>> A bold plan to tackle corruption has caused chaos in Mexico. In an effort to crack down on rampant fuel theft Mexico's new president, Andres Manuel Lopez Obrador, increased military protection of oil facilities in December. And began cutting fuel supplies from pipelines. The disruptions blindsided Mexicans when gas stations started to run dry.
Reuter's correspondent Dave Graham is in Mexico City.>> The biggest complaint we've been hearing so far particularly from state governments in Central Mexico is that they weren't told what was gonna happen. So it's all been a big surprise to them. In the case of
which is home to the second biggest city in Mexico, the authorities there say that they only knew that the pipelines have been turned off when the fuel stations start to run out of gas.
>> The fuel shortages which have gone on for over a week means Mexicans are waiting in line for hours to fill up their cars.>> I would like to see Lopez Obrador having to queue up for an hour wasting time.
With tempers running high, over 200 police officers have been dispatched on bicycles around Mexico city to break up fights.
>> People were stealing gasoline in the streets, they were milking it from the vehicles. Yesterday, in another gas station, people were fighting for gasoline.>> The supply cuts are also hurting business. At Central de Abastos, a wholesale market in Mexico City, where 62,000 cars and trucks converge daily to buy and sell fruits, plants and other goods, vendors say many have been staying home.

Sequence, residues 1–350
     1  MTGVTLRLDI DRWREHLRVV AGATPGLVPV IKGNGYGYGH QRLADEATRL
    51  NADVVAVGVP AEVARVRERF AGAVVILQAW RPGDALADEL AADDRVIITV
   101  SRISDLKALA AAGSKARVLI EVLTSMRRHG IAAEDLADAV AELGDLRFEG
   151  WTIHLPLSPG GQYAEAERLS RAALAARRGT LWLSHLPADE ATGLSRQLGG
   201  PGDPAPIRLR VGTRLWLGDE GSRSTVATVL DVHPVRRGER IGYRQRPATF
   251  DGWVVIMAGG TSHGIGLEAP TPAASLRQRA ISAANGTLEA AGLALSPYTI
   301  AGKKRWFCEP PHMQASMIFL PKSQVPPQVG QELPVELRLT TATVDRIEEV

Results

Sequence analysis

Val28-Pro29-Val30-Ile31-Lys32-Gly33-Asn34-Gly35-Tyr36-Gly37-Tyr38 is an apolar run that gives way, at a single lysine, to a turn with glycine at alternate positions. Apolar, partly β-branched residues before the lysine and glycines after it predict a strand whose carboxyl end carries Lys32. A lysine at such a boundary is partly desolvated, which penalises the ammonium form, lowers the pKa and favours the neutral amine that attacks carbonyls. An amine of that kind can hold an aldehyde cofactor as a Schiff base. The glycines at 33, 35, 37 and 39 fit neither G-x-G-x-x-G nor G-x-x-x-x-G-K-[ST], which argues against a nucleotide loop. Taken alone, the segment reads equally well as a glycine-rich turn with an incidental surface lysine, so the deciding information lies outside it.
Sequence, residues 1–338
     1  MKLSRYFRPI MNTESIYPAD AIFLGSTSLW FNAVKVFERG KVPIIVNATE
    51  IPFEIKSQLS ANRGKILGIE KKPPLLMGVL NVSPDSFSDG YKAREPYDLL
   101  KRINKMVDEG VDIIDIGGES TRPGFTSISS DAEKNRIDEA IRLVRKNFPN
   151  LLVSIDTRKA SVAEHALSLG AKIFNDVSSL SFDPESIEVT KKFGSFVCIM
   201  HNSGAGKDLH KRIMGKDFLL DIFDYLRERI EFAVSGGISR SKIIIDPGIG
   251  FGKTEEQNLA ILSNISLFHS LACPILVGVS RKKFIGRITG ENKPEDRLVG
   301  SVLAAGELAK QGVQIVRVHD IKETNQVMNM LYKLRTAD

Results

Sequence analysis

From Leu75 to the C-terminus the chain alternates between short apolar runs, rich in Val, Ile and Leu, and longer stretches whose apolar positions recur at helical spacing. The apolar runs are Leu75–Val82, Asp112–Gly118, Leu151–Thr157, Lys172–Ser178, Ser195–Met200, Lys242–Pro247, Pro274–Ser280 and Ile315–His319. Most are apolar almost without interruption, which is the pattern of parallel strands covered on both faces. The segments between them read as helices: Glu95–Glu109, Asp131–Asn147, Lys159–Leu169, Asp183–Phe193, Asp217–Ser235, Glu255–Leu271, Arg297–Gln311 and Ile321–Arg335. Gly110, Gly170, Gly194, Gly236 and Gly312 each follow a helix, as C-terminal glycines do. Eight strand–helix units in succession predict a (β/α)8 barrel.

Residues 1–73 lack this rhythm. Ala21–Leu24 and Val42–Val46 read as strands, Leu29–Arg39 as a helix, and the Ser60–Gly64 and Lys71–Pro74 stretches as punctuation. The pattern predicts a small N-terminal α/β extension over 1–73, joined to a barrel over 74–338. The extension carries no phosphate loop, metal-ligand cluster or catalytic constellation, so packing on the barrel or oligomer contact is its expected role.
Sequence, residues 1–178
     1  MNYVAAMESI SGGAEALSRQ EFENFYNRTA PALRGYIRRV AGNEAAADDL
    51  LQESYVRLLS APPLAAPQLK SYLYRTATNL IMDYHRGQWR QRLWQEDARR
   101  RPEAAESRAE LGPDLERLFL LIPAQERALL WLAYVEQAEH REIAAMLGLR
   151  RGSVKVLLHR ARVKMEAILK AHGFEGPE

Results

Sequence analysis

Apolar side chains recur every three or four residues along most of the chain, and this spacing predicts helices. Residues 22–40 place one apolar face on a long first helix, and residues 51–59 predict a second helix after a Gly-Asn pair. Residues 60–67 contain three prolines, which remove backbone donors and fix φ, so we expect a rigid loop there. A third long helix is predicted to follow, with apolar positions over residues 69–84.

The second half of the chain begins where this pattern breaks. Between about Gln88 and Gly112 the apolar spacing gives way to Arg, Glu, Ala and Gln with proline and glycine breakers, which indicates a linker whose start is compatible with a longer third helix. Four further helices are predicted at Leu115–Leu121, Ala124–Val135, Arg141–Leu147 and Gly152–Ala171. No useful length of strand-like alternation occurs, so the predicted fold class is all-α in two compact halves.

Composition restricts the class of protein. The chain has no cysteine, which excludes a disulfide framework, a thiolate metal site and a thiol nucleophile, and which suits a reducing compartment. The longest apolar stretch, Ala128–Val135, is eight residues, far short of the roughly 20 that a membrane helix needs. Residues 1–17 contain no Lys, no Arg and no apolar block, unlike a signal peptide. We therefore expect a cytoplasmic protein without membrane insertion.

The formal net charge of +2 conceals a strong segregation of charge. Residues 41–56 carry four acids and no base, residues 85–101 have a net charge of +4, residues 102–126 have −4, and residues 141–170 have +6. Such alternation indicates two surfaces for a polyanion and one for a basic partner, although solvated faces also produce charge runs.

>> We've been affected by deliveries by our suppliers. Our clients aren't coming.>> One of the areas hardest hit by the cuts in supply has been the central state of Guanajuato, which is one of the main carmaking centers of Mexico. There, the local industry says that if the shortages persist into the back end of this week, that could mean that auto plants start to be idled.
>> Despite frustration, polls show most Mexicans support Lopez Obrador's efforts. Fuel theft, which the government says is carried out by gangs working with corrupt officials at state oil giant Pennex is set to cost Mexico an estimated $3 billion last year.